Yahoo’s CFO Tim Morse spoke at a Goldman Sachs Investing conference today and was peppered with questions about Yahoo’s Asian assets, which make up a good chunk of the value of its stock price right now.
On the subject of Alibaba, Morse was very conciliatory, repeatedly praising the job that the Alibaba management team is doing building the business, emphasizing that Yahoo was just a financial stake-holder. He said that Yahoo was in no hurry to name its contractually obligated second board member.
On the subject of Yahoo Japan, there has definitely been a shift in tone when it comes to whether or not Yahoo might divest its incredibly valuable stake. Earlier this month an analyst from Pacific Crest, noted as much in a research report, raising its rating on Yahoo based on the potential for a boost from selling the Japan shares and its price target to a comparative heady $21 a share.
Here’s what Morse had to say today:
“Yeah so we spent an awful lot of time last year, the last 9 months of 2010, doing our homework on all the various possibilities for maximization of this stake. It’s in a terrific position in a market that’s very tough to crack for non-locals, they’re great in everything yahoo does, plus commerce. So it’s a terrific and valuable business and I’m in complete sympathy when investors say, well it’s a public company and we can decide whether or not to invest – I get that and I’m in sympathy, Carol’s in sympathy with that.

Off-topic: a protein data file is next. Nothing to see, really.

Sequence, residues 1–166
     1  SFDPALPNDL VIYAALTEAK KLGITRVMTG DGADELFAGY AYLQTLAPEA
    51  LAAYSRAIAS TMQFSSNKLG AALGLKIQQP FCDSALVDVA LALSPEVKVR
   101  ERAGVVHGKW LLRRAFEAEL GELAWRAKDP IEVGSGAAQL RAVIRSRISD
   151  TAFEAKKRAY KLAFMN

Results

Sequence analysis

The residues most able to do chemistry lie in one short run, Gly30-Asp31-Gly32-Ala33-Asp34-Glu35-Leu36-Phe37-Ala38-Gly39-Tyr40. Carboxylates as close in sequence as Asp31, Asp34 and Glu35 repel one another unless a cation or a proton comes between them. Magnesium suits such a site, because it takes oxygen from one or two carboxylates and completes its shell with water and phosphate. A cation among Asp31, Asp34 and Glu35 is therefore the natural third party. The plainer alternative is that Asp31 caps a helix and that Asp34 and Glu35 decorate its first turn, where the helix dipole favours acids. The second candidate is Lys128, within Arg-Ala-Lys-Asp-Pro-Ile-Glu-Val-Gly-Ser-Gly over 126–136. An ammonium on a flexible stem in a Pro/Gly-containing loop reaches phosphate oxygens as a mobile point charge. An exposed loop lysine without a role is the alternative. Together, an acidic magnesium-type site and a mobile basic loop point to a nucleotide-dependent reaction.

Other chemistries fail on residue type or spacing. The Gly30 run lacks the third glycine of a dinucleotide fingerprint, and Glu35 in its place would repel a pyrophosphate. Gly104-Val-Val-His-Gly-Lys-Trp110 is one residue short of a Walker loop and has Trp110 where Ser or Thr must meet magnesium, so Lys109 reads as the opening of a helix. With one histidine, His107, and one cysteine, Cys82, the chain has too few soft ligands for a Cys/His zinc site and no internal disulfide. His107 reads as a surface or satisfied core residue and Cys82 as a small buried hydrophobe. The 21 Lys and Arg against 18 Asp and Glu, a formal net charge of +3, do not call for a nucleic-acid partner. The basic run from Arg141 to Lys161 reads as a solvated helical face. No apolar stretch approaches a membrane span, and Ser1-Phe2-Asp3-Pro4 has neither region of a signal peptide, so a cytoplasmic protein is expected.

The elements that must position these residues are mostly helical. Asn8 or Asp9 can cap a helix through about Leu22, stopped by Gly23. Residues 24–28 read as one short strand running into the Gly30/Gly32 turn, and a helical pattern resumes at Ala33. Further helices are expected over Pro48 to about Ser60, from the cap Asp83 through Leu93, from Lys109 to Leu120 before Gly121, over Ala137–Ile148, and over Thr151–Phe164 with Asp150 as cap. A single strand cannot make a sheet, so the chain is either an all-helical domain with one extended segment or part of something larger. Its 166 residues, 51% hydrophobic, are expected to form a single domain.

“But fact is we do own it and what we need to do is figure out the best way to be sure, whether we keep it or some other transaction was possible, that it would be in the best interest of our shareholders and the other Y!J shareholders. … So what we said on our last earnings call is we’re now working with our partners – Y!J’s management team, Softbank – to collaborate and find a way to best unlock the value of this asset. … So we went with a list of things that we’re talking to them about, they’ve added to the list, we’re in good discussion.”
To couch things, he emphasized that Yahoo wouldn’t do anything if they couldn’t figure out a deal with their partners, because the tax liability would make it “very difficult to justify.” Morse’s exact words:
“The one thing I’d emphasize is that I said publicly at our investor event in May of last year, is – selling the stake, some sales require consent and some don’t. A lot of the riskier sales we could do in an open market would come at a substantial discount, on top of tax we’d pay on that, very difficult to justify, and then – what do you do with the proceeds, what’s the use for them, is there something really accretive you can do. So without – the risks of selling and liquidity discount, not having great use of proceeds – I said at the time I don’t see that an outright sale of the asset serves our investors’ needs very well. And I still believe that. We don’t have a good way to offset tax, we don’t have a good way to justify the proceeds. So we’re looking at tax efficient options and working with our partners so it works out well.”
Looks like things could finally be budging in this US-Asian stalemate between Yahoo, Yahoo’s investors, Softbank and — who knows?–maybe eventually Alibaba.